Dream A Little Dream

Written by Cort Peters

In the field of Sports Psychology, I have plenty of opportunities to develop dreams.  In fact, part of my calling started when I learned more about Dream Interpretation.  It inspired a passion within me, but at the time I didn’t really know what to do with it.  My vocation as a Sports Psychologist actually started with a background of Child Psychology.  I was a teacher and a principal. 

When I learned some of the basic principals of dream interpretation, I became fascinated by the sub-conscious brain.  That little eight pound ball of meat inside of our skulls is capable of so many rich and powerful things.  Some people dream of their relationships, some people dream of the future, and everyone dreams about their own life and how to take advantage of this tremendous gift.

In many cases, it is helpful to do some personality work so that individuals or athletes have the tools to learn more about who they are and how their gifts can change the world.  I tried to focus on where there exists the greatest need.  Oddly enough, it seemed to be among retired professional athletes.  This is an excerpt of a conversation with a real professional baseball player.
            “Who were you in grade school?”
            “That’s when I started to play baseball.”
            “Who were you in middle school?”
            “That’s when I discovered I was exceptional at baseball.”
            “Who were you in high school?”
            “I was popular because I so good at baseball.”
            “Why did you go to college?
            “To play baseball.”
            “What did you do after college?”
            “That’s when I got drafted by my first professional baseball team.”
            “How did your like your job?”
            “I made it to Major League Baseball.”
            “How did you like your job?”
            “I got to play baseball for a living.”
            “How did you like your job?”
            “Baseball has its ups and downs.”
            “Well, you’re in your thirties.  What are you going to do now?
            “Baseball? I mean maybe I can make baseball bats or be a baseball broadcaster or be a baseball coach or something.”

Dude, y’all are so much more than baseball.  Don’t get me wrong, he had a fine dream, and he made it a reality, but being in his mid-thirties, he was barely rounding first.  And yet, all he ever knew and identified with was baseball.  Look back at that conversation and see how many times he said, “Baseball.”  12 times!  They always hate my next comment.  “Now name ten OTHER things that identify who you are, or maybe a group you identify with, or that help you identify yourself.”  Often “Your Life” evolves from one of those twelve OTHER things.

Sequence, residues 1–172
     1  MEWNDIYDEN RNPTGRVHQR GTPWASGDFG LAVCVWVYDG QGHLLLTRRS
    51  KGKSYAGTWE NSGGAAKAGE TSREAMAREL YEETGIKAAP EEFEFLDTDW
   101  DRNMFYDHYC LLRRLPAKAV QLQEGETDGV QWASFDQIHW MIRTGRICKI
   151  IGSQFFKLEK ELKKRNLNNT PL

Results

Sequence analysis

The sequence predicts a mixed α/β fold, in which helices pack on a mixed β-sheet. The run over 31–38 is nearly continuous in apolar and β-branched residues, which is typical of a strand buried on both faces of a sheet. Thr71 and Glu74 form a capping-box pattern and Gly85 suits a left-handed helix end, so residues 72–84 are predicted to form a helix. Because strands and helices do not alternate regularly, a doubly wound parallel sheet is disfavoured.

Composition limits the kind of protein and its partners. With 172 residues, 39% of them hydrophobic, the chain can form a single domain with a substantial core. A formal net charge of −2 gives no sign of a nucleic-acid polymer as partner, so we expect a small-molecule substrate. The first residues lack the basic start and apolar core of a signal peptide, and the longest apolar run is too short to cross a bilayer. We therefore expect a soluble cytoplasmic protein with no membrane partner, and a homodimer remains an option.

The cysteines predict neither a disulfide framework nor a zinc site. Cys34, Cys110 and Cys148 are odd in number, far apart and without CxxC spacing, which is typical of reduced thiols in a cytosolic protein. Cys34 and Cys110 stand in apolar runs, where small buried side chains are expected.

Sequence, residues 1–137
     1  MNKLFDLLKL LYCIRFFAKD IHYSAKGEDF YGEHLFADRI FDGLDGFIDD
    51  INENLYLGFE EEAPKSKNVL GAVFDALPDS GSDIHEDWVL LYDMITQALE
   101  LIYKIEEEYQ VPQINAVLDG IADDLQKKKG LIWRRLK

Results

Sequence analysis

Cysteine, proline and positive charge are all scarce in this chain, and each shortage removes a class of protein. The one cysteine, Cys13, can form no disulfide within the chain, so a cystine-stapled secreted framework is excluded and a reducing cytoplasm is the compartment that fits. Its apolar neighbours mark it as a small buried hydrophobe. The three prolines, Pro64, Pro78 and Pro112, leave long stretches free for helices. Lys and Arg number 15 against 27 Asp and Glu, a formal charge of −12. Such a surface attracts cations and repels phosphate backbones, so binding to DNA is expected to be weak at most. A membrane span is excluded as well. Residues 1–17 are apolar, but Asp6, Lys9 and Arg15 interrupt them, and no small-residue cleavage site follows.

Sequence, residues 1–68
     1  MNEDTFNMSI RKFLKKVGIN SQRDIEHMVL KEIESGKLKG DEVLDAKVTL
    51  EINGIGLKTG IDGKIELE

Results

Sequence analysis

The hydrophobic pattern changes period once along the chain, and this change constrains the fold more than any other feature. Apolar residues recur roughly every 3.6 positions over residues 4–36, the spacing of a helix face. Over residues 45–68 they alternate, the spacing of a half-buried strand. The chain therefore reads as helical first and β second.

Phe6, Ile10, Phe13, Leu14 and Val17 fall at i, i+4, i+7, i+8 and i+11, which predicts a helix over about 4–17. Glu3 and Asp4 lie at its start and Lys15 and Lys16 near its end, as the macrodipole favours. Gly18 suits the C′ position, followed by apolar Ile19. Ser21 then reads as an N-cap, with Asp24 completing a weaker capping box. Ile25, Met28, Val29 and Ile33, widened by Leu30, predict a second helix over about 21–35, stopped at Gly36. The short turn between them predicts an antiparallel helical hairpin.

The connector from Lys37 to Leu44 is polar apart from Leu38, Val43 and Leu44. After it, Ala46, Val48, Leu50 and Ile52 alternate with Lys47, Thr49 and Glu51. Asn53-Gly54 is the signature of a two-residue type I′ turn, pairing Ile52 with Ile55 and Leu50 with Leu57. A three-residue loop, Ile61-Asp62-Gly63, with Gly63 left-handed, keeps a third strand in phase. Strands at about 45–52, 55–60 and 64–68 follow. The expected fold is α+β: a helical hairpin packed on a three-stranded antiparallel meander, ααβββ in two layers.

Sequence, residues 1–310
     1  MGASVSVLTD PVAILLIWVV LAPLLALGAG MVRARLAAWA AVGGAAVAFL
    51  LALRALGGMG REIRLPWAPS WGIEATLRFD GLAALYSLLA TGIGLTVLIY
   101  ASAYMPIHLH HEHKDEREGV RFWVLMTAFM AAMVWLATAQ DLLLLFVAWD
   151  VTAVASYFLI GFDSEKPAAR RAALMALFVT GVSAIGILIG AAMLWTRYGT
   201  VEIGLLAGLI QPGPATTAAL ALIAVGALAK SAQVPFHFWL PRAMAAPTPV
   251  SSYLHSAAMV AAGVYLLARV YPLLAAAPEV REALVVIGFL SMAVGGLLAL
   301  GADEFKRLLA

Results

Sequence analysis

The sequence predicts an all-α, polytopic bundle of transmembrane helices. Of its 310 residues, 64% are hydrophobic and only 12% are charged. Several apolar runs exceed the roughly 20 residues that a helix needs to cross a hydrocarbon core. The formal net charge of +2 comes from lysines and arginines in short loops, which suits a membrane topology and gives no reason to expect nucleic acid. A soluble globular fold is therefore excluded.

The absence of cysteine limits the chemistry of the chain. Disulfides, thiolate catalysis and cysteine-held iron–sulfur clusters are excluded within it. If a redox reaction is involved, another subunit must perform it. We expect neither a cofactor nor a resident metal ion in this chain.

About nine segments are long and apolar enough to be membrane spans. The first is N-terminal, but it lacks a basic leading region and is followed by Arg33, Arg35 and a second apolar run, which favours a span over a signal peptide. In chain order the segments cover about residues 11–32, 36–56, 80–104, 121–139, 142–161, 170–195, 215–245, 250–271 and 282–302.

I invite you to try this exercise:  name ten things with which you identify.  Most include their family, their hometown, their school, some friends, maybe a Church or another group.   You can also include your own personality characteristics.  Those are gifts that are truly unique to you.  You might be the “baby” of the family.  You may be the “mom” among your friends.  Maybe you’re the funny one, or the crazy one, or the level-headed one in a group.

It might be interesting to consider if there are any groups on your list of ten that may be in conflict with each other.  Be careful resolving those conflicts, and resolve them with an important sense of priority.  Now circle the three things from your original list that you think are most important.  Now put a star next to the #1 item on your list that is most important.   Are there items on your list that might just apply for right now?  Is there anything on your list that will never ever go away?

There is an initial frustration for most athletes when they make their list.  One NFL kicker once identified himself with four teams.  He said, “Irish, Bolt, Saint, Giant.”  I though it was funny.  The first, “Irish”, was from college, and obviously the other three teams meant something very important to him.  Interestingly, he had played for EIGHT NFL teams.  What about the other 5 teams? It’s true that different moments in our lives hold a different weight.  You might find yourself in a job or a relationship at some point in your life, but it may not be significant in the grand scheme of your life.  You might need a change, which is fine.  Everyone has transitions like that.  The important thing is to handle the transition gracefully.

We go through these periods in life that form us into who we were truly meant to be.  The high points are given for us to enjoy.  The low points are given for us to learn and grow.  We can, indeed, be thankful for both.  

I recently ran into some people that I went to grade school with 30 years ago.  We immediately recognized each other and hugged.  They don’t remember how I wore my hair, or what I wore, or even what happened that one time . . .  They remembered me and how they felt when they were around me.  I remember how I felt when I was around them.

Maybe one of your dreams for your life can be to make others feel better for having known you.  You can make them laugh or make them feel safe or make them feel comfortable or make them feel encouraged. 

Dream big.  Start with what you already know about yourself, and how it can only get better.  Make those dreams a reality that uniquely belongs to you, starting today.

Cort Peters is a Mental Performance Coach who works on and off the field to maximize the performance of competitive athletes. Specializations include injury recovery. He can be reached at cort@cortpeters.com or through his site mentalperformancecoach.us.

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